The old adage that we prefer the familiar was never more apparent to me than last night when I watched the stage production of John Cleese’s Fawlty Towers at the Apollo Theatre on Shaftesbury Avenue. The audience, most of whom seemed of an age that first laughed at Basil between 1975 and 1979 when the TV show was originally broadcast, knew what was coming and were primed to laugh at all the right moments: Sybil on the warpath, Basil losing the plot, Mrs Richards’ deafness, Manuel’s shaky grasp of English, the talking moose, ‘Don’t mention the war’ and, most of all, the layer upon layer of confusion and misunderstanding that made Fawlty Towers a superlative farce. And it’s all been recreated to perfection.

        Now much is new, however. This stage production, overseen by Cleese but directed by Caroline Jay Ranger, seamlessly blends together three of the original half-hour sitcoms – The Hotel Inspector, Communication Problems and The Germans – into one 90-minute plus play that here and there has echoes from the other nine episodes in the series. At times there were even hints of Python’s silly walk and, when Basil yells ‘Polly’ at the long-suffering waitress played originally by his wife Connie Booth, I was reminded of Cleese in the pet shop where Michael Palin sold him a dead parrot. 

        Don’t mend anything that isn’t broken seems to have been the production’s prime concern, so the cast are mimics as much as actors. Adam Jackson-Smith is Basil, as ungainly and awkward as Basil/Cleese, a tall, thin man, with long legs who manages to contort himself into pretzels, agonising over a faux-pas, getting the wrong end of the stick and abusing Spanish waiter Manuel and his guests alike. Anna-Jane Casey is just as effective as Sybil, beehive in place, the clothes just right, ditto her shrill accent, especially on the phone to the unseen Audrey – ‘I know’ – or when berating her hapless husband. There were times when I thought Victoria Fox’s Polly really was the young Connie Booth, at least in the way she spoke, and Hemi Yeroham pitched Manuel just right, not quite as dumb as we might think. When he said ‘I know nothing’ the place erupted. The major’s bigoted dialogue has been softened, no doubt to acquiesce with 21st Century PC sensibilities, but he still hasn’t found the wallet that was nicked by ‘the woman he once knew’.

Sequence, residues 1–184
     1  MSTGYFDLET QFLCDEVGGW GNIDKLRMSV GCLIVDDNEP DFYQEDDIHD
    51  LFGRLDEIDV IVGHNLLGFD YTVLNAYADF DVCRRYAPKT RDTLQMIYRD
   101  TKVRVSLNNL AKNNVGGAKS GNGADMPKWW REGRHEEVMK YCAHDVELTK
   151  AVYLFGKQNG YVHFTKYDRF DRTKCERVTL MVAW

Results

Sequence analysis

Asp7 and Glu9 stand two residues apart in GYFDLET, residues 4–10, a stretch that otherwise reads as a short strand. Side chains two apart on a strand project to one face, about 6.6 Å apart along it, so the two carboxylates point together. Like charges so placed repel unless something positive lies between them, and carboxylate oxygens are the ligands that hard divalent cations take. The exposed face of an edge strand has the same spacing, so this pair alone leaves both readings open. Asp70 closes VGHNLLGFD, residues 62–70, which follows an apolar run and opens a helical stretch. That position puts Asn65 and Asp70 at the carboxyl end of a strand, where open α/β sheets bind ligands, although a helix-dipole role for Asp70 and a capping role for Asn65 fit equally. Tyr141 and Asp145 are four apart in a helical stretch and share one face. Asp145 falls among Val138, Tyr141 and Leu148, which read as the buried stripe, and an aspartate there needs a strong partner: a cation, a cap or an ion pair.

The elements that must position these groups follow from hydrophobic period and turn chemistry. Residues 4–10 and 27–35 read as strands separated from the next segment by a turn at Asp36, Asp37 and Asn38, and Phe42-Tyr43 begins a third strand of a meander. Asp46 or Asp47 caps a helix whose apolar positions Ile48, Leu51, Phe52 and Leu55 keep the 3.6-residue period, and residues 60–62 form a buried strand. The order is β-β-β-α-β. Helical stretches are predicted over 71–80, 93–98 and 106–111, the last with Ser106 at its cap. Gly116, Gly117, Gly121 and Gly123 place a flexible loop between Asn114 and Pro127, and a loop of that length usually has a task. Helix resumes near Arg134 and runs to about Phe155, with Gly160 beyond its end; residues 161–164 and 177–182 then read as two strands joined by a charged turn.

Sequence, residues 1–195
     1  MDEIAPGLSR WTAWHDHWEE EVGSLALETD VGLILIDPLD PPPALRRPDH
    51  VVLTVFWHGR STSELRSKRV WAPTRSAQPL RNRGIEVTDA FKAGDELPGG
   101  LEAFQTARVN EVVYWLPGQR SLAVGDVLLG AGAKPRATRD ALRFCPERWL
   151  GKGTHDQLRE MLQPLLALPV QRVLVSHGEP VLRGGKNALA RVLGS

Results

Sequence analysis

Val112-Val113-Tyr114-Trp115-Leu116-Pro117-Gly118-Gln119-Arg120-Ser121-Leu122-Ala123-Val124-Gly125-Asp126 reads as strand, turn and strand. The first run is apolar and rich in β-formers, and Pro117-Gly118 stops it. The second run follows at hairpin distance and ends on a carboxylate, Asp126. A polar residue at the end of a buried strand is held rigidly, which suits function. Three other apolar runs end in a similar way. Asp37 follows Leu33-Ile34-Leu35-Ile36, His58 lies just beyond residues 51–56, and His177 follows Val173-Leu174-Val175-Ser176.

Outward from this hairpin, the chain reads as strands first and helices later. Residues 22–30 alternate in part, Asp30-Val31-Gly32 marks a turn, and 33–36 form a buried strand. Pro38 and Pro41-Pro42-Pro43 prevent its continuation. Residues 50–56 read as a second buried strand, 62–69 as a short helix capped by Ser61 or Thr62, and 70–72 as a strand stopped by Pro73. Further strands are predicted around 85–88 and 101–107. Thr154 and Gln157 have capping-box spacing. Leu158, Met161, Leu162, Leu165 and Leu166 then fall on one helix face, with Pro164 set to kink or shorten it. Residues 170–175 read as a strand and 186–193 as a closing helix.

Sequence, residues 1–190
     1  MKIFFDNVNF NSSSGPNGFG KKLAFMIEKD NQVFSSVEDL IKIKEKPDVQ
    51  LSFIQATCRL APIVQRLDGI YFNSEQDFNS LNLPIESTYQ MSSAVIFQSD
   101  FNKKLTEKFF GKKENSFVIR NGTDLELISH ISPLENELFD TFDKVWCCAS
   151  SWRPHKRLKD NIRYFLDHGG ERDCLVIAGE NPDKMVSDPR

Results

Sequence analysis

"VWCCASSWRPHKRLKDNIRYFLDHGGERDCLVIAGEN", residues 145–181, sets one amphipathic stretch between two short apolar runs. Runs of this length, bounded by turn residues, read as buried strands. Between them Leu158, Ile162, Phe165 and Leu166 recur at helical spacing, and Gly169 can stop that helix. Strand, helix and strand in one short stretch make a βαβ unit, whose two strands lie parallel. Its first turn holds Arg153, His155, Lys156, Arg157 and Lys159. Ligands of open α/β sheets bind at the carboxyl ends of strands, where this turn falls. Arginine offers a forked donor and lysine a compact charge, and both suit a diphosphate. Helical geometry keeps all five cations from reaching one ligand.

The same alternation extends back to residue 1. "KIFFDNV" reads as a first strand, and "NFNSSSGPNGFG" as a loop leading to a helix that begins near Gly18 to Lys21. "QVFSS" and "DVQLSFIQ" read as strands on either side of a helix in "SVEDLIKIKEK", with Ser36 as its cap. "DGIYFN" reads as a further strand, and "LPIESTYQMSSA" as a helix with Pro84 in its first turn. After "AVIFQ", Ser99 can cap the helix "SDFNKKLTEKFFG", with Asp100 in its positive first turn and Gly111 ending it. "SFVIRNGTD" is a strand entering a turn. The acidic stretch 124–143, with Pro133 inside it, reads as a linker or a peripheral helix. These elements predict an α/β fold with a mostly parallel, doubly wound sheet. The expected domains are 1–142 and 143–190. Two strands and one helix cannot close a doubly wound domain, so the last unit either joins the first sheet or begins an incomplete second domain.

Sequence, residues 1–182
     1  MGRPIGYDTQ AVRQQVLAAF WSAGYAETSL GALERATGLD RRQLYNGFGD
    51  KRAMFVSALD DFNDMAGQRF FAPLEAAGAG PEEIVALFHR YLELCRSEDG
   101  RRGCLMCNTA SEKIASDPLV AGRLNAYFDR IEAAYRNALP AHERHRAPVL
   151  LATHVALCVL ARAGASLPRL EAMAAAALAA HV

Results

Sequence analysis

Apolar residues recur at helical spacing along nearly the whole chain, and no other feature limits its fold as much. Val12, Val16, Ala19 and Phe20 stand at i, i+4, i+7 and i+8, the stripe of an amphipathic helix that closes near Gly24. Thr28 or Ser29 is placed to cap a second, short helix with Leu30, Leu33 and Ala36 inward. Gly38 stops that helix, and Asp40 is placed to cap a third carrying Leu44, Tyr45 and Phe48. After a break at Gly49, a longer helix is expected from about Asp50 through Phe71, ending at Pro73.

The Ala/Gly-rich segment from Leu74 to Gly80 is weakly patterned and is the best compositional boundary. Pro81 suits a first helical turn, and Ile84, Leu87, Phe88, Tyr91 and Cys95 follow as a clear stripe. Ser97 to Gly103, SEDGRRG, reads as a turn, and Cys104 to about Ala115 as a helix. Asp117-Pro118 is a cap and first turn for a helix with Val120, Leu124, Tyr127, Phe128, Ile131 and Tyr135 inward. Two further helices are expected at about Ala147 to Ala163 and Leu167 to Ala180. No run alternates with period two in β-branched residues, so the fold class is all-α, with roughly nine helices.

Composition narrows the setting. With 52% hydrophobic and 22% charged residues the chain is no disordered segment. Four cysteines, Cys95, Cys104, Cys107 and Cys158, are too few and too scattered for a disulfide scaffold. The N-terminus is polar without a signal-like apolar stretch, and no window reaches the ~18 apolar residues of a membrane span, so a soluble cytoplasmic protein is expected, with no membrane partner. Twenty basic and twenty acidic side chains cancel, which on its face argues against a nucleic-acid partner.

Although there is a 20-minute interval, the three episodes overlap smoothly and some additional dialogue has been inserted to assist continuity. The action is fast-paced, with lines traded like ricochet fire at moments of high farce and it doesn’t pay to drift off. At the climax the whole house of cards tumbles into a riot of confusion as the fire alarm brings everyone – all the cast, including the two old ladies, the major brandishing a gun and the three hotel inspectors – to the dance, every one of them bewildered, bemused or furious at Fawlty Towers’ wretched proprietor.

        Though I knew almost all the jokes, I still laughed, as did my whole family, not least daughter Olivia visiting this week from the US. I can remember when, aged about 10, she used to watch our Fawlty Towers video box set in our house in London on rotation, memorising the dialogue to the extent that her and a couple of friends from her primary school actually staged an ad-hoc FT play of their own in our house. We shot a video of that and this weekend I’m going to seek it out and watch it again. Whatever weirdness has overtaken John Cleese in recent years, Fawlty Towers remains a comedy masterpiece, fun for all ages as the billboards used to say.


Anonymous said...

A true classic..
Watched it religiously!

John Halsall said...

You started it!

No we didn't!

Yes you did - you invaded Poland!